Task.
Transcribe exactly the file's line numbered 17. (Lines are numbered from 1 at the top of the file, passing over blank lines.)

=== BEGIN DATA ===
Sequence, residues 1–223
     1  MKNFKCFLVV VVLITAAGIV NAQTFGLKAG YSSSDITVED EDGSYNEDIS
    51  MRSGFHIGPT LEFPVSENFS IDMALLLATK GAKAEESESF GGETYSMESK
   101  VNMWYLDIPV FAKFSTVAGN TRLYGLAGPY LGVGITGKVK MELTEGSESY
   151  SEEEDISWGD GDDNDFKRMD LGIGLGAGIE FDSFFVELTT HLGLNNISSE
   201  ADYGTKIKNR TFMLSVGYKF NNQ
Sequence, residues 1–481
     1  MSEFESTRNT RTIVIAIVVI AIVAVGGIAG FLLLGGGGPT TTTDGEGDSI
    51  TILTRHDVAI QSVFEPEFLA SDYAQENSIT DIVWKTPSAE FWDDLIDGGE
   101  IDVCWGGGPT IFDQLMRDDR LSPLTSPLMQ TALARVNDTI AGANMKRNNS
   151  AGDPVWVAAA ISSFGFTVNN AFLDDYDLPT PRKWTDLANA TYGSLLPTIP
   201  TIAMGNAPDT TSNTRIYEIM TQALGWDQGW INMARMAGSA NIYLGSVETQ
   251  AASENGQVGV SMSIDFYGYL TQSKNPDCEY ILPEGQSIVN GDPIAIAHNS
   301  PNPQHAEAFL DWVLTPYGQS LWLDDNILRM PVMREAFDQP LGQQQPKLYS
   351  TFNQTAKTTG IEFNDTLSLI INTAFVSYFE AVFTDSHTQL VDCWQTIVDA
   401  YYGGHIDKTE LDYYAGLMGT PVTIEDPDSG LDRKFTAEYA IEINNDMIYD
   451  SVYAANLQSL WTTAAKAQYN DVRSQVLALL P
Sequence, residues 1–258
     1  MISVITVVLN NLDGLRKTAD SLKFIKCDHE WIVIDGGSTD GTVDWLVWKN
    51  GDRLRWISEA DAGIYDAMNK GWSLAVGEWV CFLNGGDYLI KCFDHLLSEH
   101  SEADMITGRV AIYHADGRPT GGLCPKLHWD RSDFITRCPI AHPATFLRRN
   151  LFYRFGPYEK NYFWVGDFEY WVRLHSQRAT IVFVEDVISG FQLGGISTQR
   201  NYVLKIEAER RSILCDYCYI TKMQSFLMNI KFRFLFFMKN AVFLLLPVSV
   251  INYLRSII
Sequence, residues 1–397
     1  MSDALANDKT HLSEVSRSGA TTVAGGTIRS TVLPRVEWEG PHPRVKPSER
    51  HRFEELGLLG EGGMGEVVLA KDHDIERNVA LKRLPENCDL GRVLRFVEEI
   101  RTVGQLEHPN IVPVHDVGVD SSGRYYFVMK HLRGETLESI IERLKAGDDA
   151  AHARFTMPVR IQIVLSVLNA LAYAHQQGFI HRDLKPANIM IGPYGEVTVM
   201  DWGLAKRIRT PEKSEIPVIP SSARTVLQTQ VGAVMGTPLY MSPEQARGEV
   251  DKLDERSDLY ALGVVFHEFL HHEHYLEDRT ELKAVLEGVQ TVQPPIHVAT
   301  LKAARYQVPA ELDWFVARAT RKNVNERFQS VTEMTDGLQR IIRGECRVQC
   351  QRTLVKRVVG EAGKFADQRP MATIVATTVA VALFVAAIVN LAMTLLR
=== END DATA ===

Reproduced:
   451  SVYAANLQSL WTTAAKAQYN DVRSQVLALL P